July 17, 2020

How the COVID-19 Pandemic is Changing Restaurant Design

The COVID-19 pandemic has hit the hospitality industry extremely hard, but they are a resilient group, and, like all great service leaders, they adapt on the fly. For example, hotels have rotated rooms so that guests have a gap of 72 hours in-between stays, floors have been spaced out to accommodate social distancing, rooms are now used for remote working, and enhanced cleaning and sterilizing has become an important part of the daily routine. Like their hotel counterparts, restaurants have also come up with some inventive ways to maintain service in the face of the current climate. They have transformed into grocery stores, begun to create family meals for to-go orders, developed custom drink kits that can be made at home, and pushed toward touch less drive-thru or pick-up services. Each of these solutions is a necessary adaptation, not an attempt to make a greater profit but to maintain some revenue in hopes of keeping staff members employed and the doors open for the future.

The Rise of Take-Out

As restaurants evolve, customers will notice design updates to both the front-of-house and back-of-house. We may or may not see the evolution of the grocery store inside of a restaurant, but there will be a greater uptick in take-out orders. Restaurants were already dedicating areas for pick-up only and parking stalls, which will only continue to become the norm. Staff members carrying orders to cars will require separate systems and a greater staff flexibility. This, too, will continue to become more prevalent as COVID-19 restrictions stay in place. Diners want to have great food and so will continue to visit restaurants, but they may opt to take their food and eat it at home.

For a typical dine-in restaurant, changes in response to this new type of visitor can be as simple as adding an additional host who is dedicated to these take-away transactions or perhaps adding a dedicated space at the bar for order pick-up. However, this may interfere with guests already in the area who are asking for a table, waiting to be seated, or just enjoying a cocktail. Instead, creating a separate entrance that is connected to the service area can streamline the guests who are for pickup, with the added benefit of avoiding any complications in social distancing. Currently in quick-service restaurants (QSR) and Fast Casual restaurants, a separately staffed cook/prep line is dedicated to take out and delivery. This design feature may make its way into standard full-service restaurants, especially if there is promise in the new meal-to-go kits.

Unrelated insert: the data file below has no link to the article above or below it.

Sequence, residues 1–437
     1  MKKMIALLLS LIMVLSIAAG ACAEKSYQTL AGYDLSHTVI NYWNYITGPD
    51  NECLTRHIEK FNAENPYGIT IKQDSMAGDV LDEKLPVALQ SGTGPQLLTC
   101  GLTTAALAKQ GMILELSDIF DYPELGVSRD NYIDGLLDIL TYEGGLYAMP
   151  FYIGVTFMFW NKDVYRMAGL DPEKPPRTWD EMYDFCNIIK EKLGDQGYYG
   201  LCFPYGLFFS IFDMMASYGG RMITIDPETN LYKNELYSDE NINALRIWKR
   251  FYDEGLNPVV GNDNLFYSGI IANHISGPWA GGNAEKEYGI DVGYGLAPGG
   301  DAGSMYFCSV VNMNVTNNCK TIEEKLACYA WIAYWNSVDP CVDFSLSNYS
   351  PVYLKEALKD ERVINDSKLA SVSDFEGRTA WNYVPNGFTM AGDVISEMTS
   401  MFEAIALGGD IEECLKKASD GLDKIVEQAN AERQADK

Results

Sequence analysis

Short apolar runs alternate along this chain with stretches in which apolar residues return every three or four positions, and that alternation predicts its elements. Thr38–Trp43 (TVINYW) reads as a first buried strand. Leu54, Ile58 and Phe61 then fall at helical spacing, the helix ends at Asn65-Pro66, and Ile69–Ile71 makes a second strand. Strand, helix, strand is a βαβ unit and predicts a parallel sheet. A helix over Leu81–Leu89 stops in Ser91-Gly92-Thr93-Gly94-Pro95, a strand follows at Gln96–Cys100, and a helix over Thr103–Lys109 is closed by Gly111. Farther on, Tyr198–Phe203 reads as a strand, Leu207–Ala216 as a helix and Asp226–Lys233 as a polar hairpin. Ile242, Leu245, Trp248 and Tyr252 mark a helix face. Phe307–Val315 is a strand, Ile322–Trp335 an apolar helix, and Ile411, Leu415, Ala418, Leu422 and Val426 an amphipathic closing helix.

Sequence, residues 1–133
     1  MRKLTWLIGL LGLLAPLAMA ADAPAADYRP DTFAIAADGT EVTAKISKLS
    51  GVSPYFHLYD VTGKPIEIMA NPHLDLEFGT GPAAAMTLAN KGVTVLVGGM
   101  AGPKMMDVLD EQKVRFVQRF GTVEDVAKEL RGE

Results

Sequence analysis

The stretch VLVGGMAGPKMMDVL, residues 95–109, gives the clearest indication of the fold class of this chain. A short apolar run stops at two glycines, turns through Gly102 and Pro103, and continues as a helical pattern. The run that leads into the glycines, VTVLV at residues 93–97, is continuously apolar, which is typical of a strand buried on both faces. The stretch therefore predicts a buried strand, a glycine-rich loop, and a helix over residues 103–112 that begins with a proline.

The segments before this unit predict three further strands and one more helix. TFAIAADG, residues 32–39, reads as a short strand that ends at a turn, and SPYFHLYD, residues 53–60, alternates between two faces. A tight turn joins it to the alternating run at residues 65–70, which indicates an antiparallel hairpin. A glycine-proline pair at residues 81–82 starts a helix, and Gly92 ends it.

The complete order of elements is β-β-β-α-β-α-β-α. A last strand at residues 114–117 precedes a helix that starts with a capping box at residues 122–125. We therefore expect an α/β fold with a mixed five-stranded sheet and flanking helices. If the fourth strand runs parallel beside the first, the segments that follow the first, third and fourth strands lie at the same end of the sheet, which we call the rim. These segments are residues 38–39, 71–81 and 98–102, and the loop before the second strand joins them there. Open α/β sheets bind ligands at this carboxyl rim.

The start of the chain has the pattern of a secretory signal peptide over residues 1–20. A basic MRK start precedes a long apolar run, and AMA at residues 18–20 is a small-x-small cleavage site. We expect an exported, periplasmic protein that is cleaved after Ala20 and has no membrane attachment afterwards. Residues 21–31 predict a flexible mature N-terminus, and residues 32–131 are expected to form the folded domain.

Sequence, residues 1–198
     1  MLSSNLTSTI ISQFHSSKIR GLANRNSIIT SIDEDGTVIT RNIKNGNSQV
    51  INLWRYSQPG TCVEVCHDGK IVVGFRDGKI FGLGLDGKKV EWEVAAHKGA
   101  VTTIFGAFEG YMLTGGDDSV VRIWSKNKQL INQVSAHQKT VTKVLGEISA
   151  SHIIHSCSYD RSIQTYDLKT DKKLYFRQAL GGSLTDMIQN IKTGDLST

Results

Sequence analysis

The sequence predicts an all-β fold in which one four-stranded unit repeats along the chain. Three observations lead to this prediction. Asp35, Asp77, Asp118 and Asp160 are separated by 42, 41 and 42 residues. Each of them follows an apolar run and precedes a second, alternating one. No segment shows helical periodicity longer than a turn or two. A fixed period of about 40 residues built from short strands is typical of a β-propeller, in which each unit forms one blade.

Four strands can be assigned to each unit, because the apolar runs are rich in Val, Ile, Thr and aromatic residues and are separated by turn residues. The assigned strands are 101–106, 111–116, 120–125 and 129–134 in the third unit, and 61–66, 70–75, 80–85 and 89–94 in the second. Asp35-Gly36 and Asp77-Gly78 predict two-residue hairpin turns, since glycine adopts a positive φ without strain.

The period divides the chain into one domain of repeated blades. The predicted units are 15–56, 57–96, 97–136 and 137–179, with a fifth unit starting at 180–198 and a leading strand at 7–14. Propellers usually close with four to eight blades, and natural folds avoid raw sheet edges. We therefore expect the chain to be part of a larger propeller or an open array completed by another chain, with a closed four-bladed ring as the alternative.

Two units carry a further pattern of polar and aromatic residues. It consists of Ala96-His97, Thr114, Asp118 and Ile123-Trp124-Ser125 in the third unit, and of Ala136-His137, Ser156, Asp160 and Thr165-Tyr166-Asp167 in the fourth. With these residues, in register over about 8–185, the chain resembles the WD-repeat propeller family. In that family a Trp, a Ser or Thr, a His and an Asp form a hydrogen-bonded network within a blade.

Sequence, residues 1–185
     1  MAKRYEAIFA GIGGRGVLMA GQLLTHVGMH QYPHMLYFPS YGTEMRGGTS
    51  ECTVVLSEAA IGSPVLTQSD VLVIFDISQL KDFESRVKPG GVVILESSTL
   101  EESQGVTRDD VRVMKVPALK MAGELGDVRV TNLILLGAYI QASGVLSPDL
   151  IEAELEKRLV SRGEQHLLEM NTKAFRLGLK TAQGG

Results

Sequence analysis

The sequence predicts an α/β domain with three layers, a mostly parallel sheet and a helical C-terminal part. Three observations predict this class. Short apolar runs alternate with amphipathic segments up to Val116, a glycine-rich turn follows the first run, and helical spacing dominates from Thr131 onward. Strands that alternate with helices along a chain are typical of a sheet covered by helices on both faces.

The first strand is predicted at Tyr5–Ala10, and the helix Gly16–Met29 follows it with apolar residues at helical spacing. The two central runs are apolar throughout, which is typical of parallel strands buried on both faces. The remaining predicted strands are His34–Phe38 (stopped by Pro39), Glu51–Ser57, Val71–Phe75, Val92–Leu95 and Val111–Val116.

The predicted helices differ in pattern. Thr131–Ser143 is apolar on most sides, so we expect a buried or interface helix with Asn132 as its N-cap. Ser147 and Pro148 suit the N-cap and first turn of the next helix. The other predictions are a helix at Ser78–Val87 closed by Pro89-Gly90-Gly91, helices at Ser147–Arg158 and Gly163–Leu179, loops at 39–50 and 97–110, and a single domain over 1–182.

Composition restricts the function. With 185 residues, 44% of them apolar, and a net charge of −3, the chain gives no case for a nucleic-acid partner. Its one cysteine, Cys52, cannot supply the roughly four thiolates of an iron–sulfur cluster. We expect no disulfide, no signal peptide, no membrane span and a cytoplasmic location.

Outdoor Dining in the COVID-19 Climate

In addition to increased pick-up orders, restaurants are facing the challenge adhering to social distancing rules. I recently spent a few hours in the parking lot of a brewery. I would say it was a great experience. They had taken all indoor dining and placed it in their parking lot so they could provide the required distancing and still maintain operations. Designing more flexible spaces that involve the outdoors will be a much bigger component as we continue to design and build new restaurants.

It seems that the ability for architects to design a restaurant patio space to be operational for 70-80% of the year will be a common goal as restaurant owners look to maintain capacity year-round. This means considering operable partitions, large windows, built-in heaters, fans, and potentially misters for restaurants in areas with hot climates. While such features may not be a significant challenge to build and operate in moderate climates, late fall and winter bring a new set of considerations. One of the benefits patio dining offers is that it typically comes at a lower cost to build and with an increased seat count (paying customers), resulting in a greater profit margin for restaurant owners. But the addition of these new design features will drive up the cost of building the patio. Incorporating natural elements and allowing for natural ventilation can prove to be a benefit with mitigating cost and the spread of the coronavirus. Even after COVID concerns have lifted, a large and flexible space that can be utilized during most of the year will continue to be a benefit to restaurants.

The Future of Restaurant Design

Many of these innovative concepts currently being implemented so that restaurateurs can keep their doors open will have lasting and future impact on how restaurants are designed. The adaptation of even minimally different features that increase efficiency and flexibility will allow restaurants to respond to a variety of emerging trends more easily in the future.

Form follows function, and right now, function is ever evolving.

Read more about how restaurant owners have adapted in the wake of the COVID-19 pandemic

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